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Round 2
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Stanley Cup Final

Gionta proving to be a hit centering Devils' fourth line

Friday, 04.20.2012 / 2:20 PM

By Mike G. Morreale - NHL.com Staff Writer / Panthers vs. Devils series blog

NEWARK, N.J. -- An obvious hole needed to be filled when center Jacob Josefson suffered a fractured wrist late in the season, altering the lineup plan for New Jersey Devils coach Pete DeBoer entering the Stanley Cup Playoffs.
 
Looking back, DeBoer admits the one name that kept coming up as a more-than-capable replacement was 5-foot-7, 185-pound Stephen Gionta.
 
"He hadn't played center in probably a year, but came in and has seamlessly jumped into that spot and given us everything we could ask for … I can't say enough about him," DeBoer told the media following his team's 4-0 victory over Florida on Thursday in Game 4 of their Eastern Conference Quarterfinal.
 
The Devils conducted an optional workout at Prudential Center on Friday before departing for Sunrise, Fla., for Game 5 on Saturday at BankAtlantic Center. The best-of-seven series is tied, 2-2.
 
"Stephen's been a great, great story," DeBoer continued. "Here's a kid who never even had a game all year with us, but has come in and given us a real spark. He's enthusiastic and dependable."
 
Strange, but it almost sounds like DeBoer is referring to the elder Gionta, Brian, who just happens to be the 33-year-old captain of the Montreal Canadiens.
 
"He has a lot of the same traits as his brother, and his brother has a history of rising to the occasion in the playoffs," DeBoer said. "I think Stephen is one of those types of guys."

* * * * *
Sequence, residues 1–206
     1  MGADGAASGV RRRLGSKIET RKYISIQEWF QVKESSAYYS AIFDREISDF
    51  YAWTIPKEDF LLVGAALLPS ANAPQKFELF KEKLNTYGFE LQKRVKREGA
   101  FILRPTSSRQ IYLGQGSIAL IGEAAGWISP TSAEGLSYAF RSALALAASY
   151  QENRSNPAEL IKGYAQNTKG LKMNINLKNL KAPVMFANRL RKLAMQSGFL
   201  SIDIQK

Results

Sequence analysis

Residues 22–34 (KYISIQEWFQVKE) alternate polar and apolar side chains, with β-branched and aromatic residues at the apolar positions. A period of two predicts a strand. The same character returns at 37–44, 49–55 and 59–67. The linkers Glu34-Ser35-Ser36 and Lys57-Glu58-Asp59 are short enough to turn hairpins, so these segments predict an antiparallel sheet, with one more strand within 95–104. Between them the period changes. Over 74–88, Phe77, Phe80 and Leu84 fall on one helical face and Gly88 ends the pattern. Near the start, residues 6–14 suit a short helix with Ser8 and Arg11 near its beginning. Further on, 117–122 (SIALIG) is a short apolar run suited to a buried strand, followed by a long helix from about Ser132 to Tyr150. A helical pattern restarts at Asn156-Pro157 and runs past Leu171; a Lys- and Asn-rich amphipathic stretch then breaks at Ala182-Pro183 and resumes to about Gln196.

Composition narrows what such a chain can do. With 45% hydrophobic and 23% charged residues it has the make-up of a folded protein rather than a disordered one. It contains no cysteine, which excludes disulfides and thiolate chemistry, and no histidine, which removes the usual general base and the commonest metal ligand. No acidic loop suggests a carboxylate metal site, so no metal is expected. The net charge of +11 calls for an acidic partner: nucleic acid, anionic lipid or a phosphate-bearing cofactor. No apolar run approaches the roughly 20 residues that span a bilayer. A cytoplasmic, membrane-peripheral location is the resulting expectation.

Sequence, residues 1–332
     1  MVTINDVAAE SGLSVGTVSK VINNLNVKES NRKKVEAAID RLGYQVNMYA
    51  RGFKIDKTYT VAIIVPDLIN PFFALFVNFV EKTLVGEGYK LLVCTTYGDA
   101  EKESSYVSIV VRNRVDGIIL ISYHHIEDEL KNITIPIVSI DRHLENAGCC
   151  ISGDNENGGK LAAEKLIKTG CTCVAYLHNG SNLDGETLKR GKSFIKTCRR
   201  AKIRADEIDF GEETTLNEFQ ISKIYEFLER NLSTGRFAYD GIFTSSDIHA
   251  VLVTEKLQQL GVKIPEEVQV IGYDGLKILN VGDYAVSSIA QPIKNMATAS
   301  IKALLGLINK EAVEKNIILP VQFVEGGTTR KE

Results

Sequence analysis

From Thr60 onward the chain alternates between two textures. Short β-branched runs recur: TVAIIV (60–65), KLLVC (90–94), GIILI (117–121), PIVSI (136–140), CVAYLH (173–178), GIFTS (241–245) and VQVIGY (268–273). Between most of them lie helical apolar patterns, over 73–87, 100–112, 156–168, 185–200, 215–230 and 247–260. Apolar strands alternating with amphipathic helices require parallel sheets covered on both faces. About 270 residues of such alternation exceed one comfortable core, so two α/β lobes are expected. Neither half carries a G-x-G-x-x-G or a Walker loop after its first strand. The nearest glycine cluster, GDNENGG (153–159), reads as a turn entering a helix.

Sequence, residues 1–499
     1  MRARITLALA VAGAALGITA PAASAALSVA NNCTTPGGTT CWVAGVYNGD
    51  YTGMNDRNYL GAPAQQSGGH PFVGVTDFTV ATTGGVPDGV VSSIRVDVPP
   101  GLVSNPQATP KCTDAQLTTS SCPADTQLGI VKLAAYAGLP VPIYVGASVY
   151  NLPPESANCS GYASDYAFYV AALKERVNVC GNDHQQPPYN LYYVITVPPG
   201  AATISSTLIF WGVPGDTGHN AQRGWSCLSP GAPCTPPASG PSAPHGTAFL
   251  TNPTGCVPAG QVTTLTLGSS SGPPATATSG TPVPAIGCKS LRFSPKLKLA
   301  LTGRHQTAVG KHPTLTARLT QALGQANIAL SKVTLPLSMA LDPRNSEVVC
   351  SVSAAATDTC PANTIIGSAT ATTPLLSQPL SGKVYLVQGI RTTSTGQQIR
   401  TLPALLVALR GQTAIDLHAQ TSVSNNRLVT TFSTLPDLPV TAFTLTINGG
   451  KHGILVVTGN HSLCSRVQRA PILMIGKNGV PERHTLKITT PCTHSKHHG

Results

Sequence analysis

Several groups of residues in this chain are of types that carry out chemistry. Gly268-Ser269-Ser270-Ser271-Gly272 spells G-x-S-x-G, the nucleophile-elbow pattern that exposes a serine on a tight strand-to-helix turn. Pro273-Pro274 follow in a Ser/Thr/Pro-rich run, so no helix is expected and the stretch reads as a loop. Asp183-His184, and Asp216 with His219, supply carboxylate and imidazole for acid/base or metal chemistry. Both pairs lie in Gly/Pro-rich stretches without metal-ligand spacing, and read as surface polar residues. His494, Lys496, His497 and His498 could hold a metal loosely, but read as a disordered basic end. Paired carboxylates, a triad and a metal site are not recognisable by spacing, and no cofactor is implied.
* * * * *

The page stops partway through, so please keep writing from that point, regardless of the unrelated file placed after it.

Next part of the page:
Gionta, who was recalled from Albany on April 6 for the second time in three days, had six goals and 16 points in 56 games in the American Hockey League this season. The 28-year-old undrafted forward out of Boston College has been with the organization since the 2005-06 season. The move to bring him up is certainly paying off right now.
 
"I try to bring energy to the team when I get an opportunity," Gionta told NHL.com. "Hopefully, I can give the team quality minutes out there when I do get that opportunity."
 
As you might expect, Gionta, who averages 6:41 quality minutes each game in the playoffs, does communicate with big brother quite frequently.
 
"We stay in touch pretty good and we've talked quite a few times since the original call-up, so it's been nice and he's shown great support," Gionta said. "He just told me to go out, have fun and play my game and let the chips fall."
 
Right now, Gionta is playing a key role centering the club's fourth line alongside left wing Ryan Carter and right wing Steve Bernier.
 
"I don't know if I'm surprised [to see how well Gionta has played], but it's nice to see," Carter told NHL.com. "A guy enters a scenario where he's playing playoff games right off the bat, and having confidence. That says a lot about the guy, and he's enjoying it, too."
 
Through four games in this series, Gionta's line has produced three goals, five points, a plus-7 rating and 15 shots on goal. Gionta has also delivered six hits, including three crunching blows in Game 4 that generated plenty of excitement on the bench.
 
"I think we're finding success in not trying to do too much," Carter said. "We're trying to keep the puck behind their goal line, wear them down a little bit. We just want to make it difficult on them. Our game right now is making them go 200 feet and forcing them to battle."
 
"That fourth line has done a great job for us," DeBoer said. "They've chipped in a couple of goals and have generated momentum."
 
Gionta has played five games since his recall from Albany. He scored his first NHL goal in the season finale and has a goal and an assist in the playoffs being moved from wing to center.
 
Follow Mike Morreale on Twitter at: @mike_morreale


For me, it's a great win for our hockey team and for a lot of people back in Columbus, especially our fans in particular … people who have been devoted to this organization, it's big.

— Blue Jackets coach Todd Richards on their win vs. the Penguins in Game 2, the franchise's first-ever Stanley Cup Playoff victory